Fewer hurdles blocking mining innovation, say Tucson software leaders

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Tucson, Arizona, partial eclipse. Local mining tech hub has spawned a new start-up with some wise heads at the top.
Banfield, Wick say ‘new environment’ in mining encouraging for start-ups such as EMT

Fred Banfield and Susan Wick spent decades building Mintec before it was sold to Sweden’s Hexagon AB in 2014 and seemed to be enjoying their retirement. So it’s clear it took a different type of business opportunity in what Banfield describes as a “new environment” for mining software development to draw them back into the fold.

Eclipse Mining Technologies has an office 6-7 miles away from where Hexagon established its global mining headquarters on East Congress Street in central Tucson after buying a bunch of mining tech firms, including Mintec.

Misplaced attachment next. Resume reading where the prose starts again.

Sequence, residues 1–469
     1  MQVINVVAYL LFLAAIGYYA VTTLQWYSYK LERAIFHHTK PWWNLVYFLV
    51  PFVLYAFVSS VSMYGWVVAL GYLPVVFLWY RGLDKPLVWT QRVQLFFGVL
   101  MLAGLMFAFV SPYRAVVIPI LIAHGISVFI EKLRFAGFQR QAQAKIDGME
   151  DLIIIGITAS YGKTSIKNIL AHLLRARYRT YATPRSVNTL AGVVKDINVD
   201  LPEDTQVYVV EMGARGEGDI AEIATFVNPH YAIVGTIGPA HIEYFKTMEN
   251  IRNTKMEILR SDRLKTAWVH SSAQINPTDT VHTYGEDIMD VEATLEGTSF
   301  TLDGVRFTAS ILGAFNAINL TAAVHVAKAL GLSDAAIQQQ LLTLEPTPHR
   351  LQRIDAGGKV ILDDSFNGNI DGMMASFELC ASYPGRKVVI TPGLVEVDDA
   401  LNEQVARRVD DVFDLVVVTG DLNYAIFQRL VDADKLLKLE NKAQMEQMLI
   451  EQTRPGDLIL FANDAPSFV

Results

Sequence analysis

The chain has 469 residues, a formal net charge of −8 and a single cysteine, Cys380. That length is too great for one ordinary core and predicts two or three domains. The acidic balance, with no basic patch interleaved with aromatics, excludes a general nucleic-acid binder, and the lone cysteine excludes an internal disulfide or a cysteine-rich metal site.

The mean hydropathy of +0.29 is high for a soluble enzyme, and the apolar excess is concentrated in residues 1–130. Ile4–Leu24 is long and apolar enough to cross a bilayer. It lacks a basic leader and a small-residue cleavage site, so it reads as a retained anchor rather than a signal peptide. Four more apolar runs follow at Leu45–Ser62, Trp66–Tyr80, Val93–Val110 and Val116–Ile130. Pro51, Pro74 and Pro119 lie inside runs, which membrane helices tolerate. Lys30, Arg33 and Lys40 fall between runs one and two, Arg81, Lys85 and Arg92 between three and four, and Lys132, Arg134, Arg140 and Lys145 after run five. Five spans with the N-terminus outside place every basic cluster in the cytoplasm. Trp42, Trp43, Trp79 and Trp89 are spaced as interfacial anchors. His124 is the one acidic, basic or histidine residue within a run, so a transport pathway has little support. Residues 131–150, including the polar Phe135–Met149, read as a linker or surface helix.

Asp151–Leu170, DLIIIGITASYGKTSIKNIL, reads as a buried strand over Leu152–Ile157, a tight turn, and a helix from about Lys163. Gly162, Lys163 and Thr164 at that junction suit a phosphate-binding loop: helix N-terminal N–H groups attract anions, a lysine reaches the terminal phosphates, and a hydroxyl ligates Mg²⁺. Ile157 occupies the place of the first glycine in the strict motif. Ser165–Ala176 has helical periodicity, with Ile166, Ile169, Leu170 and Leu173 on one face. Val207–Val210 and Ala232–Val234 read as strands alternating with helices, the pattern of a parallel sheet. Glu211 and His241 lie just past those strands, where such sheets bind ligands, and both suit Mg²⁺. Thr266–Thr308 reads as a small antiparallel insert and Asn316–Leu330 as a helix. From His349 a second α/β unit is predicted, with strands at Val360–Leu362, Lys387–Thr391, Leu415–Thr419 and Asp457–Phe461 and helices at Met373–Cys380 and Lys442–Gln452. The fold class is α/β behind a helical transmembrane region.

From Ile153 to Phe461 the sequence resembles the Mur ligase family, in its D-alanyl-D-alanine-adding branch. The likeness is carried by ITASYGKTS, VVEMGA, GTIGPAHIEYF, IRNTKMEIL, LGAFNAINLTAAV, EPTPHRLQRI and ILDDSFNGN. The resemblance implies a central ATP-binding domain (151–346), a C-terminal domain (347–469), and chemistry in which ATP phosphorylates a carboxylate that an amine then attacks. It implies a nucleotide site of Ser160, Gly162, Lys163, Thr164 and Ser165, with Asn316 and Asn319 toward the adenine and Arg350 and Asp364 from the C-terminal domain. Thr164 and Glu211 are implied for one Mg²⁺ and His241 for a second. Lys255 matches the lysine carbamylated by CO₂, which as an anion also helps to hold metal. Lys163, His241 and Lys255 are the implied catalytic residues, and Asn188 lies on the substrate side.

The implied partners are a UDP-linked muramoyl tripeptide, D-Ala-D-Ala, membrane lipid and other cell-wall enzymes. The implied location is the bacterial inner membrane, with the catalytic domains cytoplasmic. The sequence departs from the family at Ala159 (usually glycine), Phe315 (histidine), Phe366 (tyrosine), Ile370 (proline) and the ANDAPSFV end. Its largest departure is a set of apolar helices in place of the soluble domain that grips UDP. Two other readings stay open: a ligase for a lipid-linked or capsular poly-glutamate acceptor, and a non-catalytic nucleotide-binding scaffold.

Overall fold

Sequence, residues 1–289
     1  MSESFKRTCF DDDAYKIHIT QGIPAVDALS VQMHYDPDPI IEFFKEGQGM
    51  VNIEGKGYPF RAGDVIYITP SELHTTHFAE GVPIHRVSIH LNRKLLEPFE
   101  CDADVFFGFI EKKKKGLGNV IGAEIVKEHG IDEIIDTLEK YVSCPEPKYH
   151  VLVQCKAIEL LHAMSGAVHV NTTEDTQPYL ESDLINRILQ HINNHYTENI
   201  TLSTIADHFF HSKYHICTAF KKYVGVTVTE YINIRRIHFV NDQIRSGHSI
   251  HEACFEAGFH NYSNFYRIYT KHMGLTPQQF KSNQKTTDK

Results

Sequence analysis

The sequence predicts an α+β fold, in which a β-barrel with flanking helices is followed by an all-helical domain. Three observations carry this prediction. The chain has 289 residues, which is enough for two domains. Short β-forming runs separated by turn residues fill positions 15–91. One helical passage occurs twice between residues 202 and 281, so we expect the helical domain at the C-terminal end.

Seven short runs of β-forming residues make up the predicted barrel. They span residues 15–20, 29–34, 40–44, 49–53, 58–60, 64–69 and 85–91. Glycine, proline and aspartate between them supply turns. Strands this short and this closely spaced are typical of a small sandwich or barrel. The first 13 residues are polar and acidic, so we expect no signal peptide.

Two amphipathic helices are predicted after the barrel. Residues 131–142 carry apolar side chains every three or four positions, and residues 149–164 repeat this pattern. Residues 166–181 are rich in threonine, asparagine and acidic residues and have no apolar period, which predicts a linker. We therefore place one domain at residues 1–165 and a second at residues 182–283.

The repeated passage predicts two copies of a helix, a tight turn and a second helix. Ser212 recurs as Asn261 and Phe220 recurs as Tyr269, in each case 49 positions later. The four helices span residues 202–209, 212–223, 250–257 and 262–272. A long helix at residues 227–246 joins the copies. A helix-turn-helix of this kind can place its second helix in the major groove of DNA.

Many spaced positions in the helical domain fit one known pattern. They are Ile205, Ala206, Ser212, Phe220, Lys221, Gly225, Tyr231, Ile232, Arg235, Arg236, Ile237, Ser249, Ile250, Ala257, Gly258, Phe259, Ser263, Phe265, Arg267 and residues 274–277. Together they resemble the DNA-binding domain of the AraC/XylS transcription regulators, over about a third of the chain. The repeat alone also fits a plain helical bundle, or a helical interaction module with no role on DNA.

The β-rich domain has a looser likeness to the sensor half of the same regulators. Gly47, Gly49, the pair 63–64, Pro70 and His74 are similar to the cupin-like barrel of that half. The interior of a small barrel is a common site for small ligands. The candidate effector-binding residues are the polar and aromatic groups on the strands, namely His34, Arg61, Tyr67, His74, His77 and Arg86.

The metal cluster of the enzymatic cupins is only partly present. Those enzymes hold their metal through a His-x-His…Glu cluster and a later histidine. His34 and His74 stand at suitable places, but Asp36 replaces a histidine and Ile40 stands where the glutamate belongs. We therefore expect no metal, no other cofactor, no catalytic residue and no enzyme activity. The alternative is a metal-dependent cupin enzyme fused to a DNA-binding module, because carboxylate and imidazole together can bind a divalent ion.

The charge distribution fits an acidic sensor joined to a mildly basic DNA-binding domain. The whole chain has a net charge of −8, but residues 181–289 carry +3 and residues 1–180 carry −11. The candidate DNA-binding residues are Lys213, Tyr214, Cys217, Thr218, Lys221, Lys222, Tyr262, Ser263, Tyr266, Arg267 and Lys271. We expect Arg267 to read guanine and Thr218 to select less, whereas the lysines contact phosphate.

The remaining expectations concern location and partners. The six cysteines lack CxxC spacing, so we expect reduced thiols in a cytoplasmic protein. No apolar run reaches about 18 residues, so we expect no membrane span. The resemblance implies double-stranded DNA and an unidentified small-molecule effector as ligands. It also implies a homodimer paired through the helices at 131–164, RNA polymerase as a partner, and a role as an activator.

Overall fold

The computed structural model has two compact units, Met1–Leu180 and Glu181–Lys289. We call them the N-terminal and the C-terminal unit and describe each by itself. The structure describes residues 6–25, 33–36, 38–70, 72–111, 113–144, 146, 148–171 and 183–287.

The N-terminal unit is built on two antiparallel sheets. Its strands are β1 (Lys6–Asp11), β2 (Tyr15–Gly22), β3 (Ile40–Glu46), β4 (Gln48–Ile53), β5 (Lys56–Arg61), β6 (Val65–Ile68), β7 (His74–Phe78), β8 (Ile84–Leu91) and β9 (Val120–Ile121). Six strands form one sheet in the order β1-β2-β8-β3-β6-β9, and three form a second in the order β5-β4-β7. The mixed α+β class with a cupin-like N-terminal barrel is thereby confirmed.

Mintec, formed in 1970, was the oldest in the old guard of mining and exploration software companies picked off by diversified international tech groups looking to drill into the mining market. Few remain independent.

“Retirement is boring,” Eclipse chair Banfield has said. He re-united with Wick more than two years ago to lend vast experience in the mining software market to a start-up team looking to add to Tucson’s growing reputation as a global mining technology hub.

Wick, CEO of Eclipse, describes the company’s flagship product, SourceOne, as a “universal mining industry platform”, contrasting it with the product platforms still being marketed by various mining software vendors.